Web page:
And there is no evidence that Texas doctors are practicing any less defensively than doctors in other states or that they have passed whatever malpractice insurance savings they might on to their patients and insurers. Seven years after the tort reform law was passed, the average premium for family coverage in Texas was $14,526. That’s $655 higher than the U.S. average. Reforming malpractice laws has merit, but the way Texas and many other states have approached it leaves a lot to be desired.
5. Dropping health coverage requirements
Republicans profess to hate the so-called individual mandate in the Affordable Care Act, even though it’s an idea that originated at the conservative Heritage Foundation as an alternative to Bill and Hillary Clinton’s 1993 health care reform plan. “Innovations, not mandates, will bring down health care costs,” said former Florida governor Jeb Bush when he announced in October that he would get rid of the individual mandate along with the rest of Obamacare.
Why it’s faulty: History has shown that insurance companies can’t offer reasonably priced coverage to people with preexisting conditions unless everyone is required to have insurance.
True facts: When Kentucky, New York and Washington passed laws in the 1990s that required insurers to sell coverage to people who had been sick in the past but didn’t pass laws mandating that residents buy coverage, most of the health insurers abandoned the states. Those that stayed had no choice but to charge everybody exorbitant premiums. Kentucky and Washington soon reversed course and repealed their laws but New York didn’t.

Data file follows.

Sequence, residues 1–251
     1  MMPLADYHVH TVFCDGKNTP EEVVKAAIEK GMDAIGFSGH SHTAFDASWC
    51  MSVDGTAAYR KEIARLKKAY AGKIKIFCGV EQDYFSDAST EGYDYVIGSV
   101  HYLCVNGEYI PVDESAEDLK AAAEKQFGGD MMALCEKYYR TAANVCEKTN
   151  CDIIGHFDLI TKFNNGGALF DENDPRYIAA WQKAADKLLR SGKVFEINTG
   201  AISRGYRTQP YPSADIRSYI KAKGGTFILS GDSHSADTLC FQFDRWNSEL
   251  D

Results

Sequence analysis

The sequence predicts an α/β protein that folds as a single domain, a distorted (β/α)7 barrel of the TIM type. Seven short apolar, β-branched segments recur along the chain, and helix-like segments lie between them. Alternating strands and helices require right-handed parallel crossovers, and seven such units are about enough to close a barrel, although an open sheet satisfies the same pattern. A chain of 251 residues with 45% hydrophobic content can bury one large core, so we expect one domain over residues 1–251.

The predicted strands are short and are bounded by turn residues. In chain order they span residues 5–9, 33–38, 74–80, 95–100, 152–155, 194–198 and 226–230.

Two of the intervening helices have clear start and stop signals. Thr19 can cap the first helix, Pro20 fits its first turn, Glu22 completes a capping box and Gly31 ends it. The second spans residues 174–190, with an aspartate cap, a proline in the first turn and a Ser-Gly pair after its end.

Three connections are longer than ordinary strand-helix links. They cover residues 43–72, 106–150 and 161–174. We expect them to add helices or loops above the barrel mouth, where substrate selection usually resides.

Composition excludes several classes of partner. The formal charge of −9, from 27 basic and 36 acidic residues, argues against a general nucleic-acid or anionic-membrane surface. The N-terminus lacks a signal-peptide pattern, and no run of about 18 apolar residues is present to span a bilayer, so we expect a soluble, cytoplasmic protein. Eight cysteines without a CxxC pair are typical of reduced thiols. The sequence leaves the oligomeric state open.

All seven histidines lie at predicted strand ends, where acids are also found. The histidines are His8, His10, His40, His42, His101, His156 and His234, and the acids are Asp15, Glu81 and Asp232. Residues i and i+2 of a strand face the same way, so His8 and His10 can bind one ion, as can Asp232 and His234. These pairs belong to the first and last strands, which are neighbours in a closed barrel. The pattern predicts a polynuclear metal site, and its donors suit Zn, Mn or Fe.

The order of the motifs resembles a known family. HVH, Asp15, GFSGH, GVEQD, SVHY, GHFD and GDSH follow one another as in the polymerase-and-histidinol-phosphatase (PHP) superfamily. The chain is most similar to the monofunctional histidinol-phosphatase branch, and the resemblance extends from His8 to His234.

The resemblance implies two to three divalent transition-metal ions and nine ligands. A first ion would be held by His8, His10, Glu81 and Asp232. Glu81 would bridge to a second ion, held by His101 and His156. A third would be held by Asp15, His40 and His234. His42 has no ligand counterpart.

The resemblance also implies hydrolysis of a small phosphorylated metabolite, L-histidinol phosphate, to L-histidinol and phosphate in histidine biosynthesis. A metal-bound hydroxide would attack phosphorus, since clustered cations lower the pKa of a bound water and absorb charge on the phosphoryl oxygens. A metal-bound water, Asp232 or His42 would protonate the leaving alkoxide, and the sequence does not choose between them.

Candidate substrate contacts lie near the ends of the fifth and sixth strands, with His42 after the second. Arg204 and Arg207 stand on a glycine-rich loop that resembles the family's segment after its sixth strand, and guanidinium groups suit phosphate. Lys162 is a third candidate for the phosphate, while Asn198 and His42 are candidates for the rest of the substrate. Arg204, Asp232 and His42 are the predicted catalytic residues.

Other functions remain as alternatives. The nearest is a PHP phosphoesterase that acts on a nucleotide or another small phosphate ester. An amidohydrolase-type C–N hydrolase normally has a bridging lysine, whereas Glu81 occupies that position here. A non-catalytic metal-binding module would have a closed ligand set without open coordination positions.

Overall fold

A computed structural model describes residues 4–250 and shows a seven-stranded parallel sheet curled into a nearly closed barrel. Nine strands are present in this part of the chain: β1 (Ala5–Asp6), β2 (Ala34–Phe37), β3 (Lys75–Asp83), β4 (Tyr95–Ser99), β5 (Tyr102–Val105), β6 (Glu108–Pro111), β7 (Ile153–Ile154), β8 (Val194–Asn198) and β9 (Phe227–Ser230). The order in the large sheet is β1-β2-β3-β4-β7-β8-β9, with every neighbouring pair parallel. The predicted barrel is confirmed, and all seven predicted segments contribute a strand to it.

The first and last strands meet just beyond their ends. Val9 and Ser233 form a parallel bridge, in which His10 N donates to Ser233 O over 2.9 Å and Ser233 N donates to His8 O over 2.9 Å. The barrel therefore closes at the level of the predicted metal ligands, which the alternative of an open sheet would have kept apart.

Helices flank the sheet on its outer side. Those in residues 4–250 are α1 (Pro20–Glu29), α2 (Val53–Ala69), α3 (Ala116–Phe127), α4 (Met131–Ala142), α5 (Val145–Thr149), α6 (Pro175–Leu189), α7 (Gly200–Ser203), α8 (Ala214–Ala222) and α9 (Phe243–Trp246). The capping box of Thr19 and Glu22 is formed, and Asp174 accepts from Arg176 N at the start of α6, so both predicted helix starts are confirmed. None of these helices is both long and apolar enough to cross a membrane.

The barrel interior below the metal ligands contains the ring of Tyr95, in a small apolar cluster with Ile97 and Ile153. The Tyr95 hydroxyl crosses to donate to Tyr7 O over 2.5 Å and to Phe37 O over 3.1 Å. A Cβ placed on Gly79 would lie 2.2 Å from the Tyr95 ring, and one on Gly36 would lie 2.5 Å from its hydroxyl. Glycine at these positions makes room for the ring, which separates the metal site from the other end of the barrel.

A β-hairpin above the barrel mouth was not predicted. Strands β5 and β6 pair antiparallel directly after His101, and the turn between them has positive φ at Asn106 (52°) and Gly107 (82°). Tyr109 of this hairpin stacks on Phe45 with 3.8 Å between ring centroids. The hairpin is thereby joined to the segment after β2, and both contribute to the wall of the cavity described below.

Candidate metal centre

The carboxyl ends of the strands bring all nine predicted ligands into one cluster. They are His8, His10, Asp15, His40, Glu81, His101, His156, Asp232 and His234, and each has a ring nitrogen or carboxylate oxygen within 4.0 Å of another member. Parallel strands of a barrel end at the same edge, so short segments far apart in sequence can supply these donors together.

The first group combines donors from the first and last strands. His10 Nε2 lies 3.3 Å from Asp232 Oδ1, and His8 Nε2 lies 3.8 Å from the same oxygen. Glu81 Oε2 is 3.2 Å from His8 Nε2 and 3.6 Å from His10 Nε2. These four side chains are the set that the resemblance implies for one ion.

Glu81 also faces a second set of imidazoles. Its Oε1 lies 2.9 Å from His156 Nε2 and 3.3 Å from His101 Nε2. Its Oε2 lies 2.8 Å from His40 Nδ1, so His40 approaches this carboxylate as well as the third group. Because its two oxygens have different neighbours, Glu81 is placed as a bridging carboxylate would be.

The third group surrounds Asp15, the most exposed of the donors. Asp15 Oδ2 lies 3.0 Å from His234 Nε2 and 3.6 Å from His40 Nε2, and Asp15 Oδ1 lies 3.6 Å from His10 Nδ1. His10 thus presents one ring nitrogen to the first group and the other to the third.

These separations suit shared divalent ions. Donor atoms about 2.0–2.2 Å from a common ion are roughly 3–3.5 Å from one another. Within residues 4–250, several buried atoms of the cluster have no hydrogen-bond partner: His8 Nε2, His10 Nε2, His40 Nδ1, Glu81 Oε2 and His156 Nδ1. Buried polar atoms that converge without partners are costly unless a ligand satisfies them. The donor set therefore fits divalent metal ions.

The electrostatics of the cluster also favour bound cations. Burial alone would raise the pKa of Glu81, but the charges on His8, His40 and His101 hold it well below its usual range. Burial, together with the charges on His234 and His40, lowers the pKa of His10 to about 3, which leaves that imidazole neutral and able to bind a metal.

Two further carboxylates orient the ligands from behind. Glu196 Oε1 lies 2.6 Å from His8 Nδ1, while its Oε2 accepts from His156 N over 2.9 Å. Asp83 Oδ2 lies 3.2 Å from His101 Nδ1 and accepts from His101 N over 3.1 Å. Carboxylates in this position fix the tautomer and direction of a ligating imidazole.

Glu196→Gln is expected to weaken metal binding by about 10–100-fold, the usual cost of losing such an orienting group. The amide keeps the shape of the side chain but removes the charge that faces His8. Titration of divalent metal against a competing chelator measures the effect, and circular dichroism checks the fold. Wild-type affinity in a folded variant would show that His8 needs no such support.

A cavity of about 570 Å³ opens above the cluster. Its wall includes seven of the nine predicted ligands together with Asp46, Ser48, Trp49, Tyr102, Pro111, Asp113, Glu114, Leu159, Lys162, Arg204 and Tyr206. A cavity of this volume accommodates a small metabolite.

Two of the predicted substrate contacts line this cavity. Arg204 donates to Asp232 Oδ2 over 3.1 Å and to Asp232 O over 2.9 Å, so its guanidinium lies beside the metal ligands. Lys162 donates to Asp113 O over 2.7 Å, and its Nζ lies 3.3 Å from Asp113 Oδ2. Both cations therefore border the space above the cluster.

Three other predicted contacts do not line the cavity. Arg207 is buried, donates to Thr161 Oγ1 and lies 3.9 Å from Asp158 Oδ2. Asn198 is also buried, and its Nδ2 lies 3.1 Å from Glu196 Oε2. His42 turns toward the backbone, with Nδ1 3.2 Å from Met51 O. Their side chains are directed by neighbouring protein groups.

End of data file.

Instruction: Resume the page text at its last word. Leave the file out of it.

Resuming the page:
Here’s what happened, according to America’s Health Insurance Plans: the individual market in New York shrank from 1.2 million in 1992 to 31,000 in 2010. “At that point, the only people who participated in the market were those who were very sick and affluent,” AHIP wrote in a brief. Bottom line: unless there is some mechanism to get everyone into coverage, the people who need access to care the most are often the very people who can’t afford it or even be able to buy it at any price.
Here’s what I hope will happen at the next presidential debate, which will be held Thursday in North Charleston, S.C. I’m hoping the moderators, Fox Business News’ Neil Cavuto and Maria Bartiromo, will ask the candidates exactly what their Obamacare replacement plans are and exactly how those plans will work.
I’m hoping, but not holding my breath. I’ll be shocked if any candidate does more than recite one or more of the Faulty Five. They’re guaranteed applause lines but no more meaningful than the bill Obama vetoed last Friday.
Wendell Potter is the co-author of Nation on The Take: How Big Money Corrupts our Democracy and founder of Tarbell, an independent, nonprofit multimedia journalism platform dedicated to investigating the powerful forces that influence public policy.